World Fish Migration Day brought a curious parade at Amoskeag Fishways

May 29—On World Fish Migration Day Saturday, in the underwater viewing room at Manchester's Amoskeag Fishways, curious minds age 4 and older were transfixed by a riverside show.

Merrimack River travelers including river herring, shad, smallmouth bass and sea lampreys were on parade during the peak of fish migration season in New Hampshire.

Spectators pressed themselves to the glass, waiting for the next species to make a cameo appearance.

"There goes another one!" squealed 7-year-old Arya Antinoro of Derry, spotting a pink and brown lamprey — which looks like a smiling eel decorated with confetti and not what it really is: a prehistoric cousin of sharks. Another lamprey — a fish barely changed from the Earth's Cretaceous period — latched onto the viewing room glass to rest on its way upriver to spawn. It flashed a double row of teeth in its ring-shaped mouth, perfect for hitching onto passing travelers.

What's to like about all these creatures?

"They swim," said Aria's 4-year-old brother Anthony, demonstrating with his arms, as river herring whizzed by like racehorses neck and neck. "It's a school!" Anthony exclaimed.

World Fish Migration Day isn't a holiday, an event on a Google calendar, or an occasion many people know about. It's been celebrated worldwide every two years since 2014 as a way to remember the importance of healthy, clean, free-flowing rivers — which support the fish that swim upstream to lay their eggs, as well as other freshwater critters, including the microscopic ones.

With warmer water temperatures, "We are seeing different fish migration patterns in the Merrimack," said Patrick Kuklinski, Fishways' operator, an environmental scientist who delves into what's happening in the river.

Rising temperatures and combined sewage overflow into the Merrimack, plus rainwater washing pollutants from land into the river, are having an impact on the Merrimack's inhabitants.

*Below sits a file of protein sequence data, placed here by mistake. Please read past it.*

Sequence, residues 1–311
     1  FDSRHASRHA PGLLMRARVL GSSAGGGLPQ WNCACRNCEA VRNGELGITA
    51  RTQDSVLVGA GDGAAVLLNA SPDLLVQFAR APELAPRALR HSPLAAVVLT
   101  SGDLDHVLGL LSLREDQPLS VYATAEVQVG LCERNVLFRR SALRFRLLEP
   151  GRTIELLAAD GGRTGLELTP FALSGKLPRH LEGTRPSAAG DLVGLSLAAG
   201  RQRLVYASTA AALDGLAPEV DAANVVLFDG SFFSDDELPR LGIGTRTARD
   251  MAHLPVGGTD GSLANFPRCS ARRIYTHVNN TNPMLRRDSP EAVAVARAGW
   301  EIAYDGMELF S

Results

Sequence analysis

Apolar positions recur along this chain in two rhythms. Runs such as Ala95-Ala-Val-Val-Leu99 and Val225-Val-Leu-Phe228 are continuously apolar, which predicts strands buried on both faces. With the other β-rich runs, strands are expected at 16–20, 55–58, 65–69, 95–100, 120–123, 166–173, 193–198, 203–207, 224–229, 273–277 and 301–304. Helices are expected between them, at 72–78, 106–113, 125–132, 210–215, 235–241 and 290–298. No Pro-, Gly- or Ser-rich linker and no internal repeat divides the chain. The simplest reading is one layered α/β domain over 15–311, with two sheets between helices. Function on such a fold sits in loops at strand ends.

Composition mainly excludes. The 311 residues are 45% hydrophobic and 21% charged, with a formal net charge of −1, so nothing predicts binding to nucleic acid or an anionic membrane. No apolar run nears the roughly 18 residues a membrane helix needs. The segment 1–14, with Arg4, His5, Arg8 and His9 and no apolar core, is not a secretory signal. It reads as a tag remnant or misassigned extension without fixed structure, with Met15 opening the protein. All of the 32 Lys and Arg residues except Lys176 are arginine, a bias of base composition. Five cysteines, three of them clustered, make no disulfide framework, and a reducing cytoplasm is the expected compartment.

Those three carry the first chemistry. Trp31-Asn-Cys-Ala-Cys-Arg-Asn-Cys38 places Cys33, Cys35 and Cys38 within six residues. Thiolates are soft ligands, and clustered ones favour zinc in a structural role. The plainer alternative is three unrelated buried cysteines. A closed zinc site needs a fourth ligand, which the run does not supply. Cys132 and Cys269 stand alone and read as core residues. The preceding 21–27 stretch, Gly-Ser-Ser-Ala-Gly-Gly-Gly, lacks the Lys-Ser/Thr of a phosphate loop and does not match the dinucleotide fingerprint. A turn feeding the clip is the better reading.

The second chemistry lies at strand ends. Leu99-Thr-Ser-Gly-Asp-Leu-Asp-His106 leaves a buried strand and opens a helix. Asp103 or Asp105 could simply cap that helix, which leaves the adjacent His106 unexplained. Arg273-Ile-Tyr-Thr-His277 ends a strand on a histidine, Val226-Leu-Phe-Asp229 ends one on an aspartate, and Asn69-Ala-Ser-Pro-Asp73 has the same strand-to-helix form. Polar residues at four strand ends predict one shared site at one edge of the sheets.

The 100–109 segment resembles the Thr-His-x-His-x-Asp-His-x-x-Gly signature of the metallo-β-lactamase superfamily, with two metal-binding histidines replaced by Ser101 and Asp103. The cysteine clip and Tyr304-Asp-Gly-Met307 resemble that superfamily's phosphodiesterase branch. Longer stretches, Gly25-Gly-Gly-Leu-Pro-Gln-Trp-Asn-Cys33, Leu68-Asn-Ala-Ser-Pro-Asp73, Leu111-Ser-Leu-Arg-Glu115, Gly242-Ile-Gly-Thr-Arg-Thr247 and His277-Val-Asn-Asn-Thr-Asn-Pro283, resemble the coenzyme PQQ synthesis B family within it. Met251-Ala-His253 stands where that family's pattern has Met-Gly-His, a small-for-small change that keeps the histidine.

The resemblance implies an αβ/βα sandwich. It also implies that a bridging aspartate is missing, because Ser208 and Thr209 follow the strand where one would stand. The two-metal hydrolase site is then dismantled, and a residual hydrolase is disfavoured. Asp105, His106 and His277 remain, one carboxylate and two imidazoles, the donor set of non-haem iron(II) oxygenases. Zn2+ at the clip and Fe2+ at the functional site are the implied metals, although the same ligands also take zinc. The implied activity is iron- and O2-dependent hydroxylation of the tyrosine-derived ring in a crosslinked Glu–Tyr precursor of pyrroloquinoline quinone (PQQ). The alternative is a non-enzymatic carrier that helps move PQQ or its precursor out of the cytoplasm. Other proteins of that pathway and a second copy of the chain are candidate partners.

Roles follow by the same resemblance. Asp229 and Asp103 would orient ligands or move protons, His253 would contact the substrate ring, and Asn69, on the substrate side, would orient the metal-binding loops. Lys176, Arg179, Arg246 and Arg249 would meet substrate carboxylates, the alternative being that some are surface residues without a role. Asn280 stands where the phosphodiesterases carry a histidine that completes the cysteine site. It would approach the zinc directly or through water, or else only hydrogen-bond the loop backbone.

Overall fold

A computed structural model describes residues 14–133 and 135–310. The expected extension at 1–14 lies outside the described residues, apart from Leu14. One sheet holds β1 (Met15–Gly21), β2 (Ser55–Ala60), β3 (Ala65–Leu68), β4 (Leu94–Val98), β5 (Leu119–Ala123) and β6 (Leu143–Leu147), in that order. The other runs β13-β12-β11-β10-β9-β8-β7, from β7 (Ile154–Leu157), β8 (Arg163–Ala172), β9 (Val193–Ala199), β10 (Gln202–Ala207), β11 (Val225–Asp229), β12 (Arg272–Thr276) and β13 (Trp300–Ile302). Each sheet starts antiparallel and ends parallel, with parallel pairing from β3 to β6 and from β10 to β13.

World Fish Migration Day's founders, the World Fish Migration Foundation, advocate for ways to restore and protect healthy, free-flowing rivers, and for closely monitoring the fish populations that use them as migratory routes.

Ashley Antinoro first came to Amoskeag Fishways when she was 6 and brought her two children and parents Saturday to experience "just getting up close and personal with the fish."

Fishways was installed in 1989 because the dam in Manchester made the river impassable for fish that swim upstream to spawn, Kuklinski said. Fishways' Atlantic salmon restoration project ended in 2013 because of insufficient numbers of salmon to make it worthwhile. Few if any Atlantic salmon migrate up the Merrimack today, he said.

Max Grammes of Bedford, who is 4 going on 5, was fascinated by Saturday's underwater wonderland that kept changing before his eyes. Two years ago, his family moved to New Hampshire from Florida, where Max first became interested in sharks and animals in general.

He eagerly announced his favorite fish, the one he would pick if he could become any species: "Tuna fish!"

"He loves going to the big sandbox — the beach," said his mother, Alexis.

"I want to be a lamprey. They have spots and they're movin'!" said Jace Gallo, 5, of Pittsfield, as more part-time river dwellers scooted by in a swarm of bubbles.